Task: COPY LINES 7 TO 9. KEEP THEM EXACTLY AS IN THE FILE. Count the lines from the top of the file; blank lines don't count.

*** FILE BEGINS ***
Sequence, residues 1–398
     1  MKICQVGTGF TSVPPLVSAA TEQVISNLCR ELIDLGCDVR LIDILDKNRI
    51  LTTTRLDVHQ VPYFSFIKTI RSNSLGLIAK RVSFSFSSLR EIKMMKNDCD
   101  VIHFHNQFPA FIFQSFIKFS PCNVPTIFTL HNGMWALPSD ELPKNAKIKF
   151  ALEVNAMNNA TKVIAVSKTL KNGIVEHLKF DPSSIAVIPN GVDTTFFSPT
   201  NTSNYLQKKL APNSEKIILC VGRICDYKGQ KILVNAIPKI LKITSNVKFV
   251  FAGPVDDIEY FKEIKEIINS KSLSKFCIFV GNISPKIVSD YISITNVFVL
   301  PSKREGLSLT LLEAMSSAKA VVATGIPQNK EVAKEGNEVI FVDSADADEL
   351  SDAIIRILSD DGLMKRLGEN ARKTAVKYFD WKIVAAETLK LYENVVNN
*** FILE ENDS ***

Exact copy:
   251  FAGPVDDIEY FKEIKEIINS KSLSKFCIFV GNISPKIVSD YISITNVFVL
   301  PSKREGLSLT LLEAMSSAKA VVATGIPQNK EVAKEGNEVI FVDSADADEL
   351  SDAIIRILSD DGLMKRLGEN ARKTAVKYFD WKIVAAETLK LYENVVNN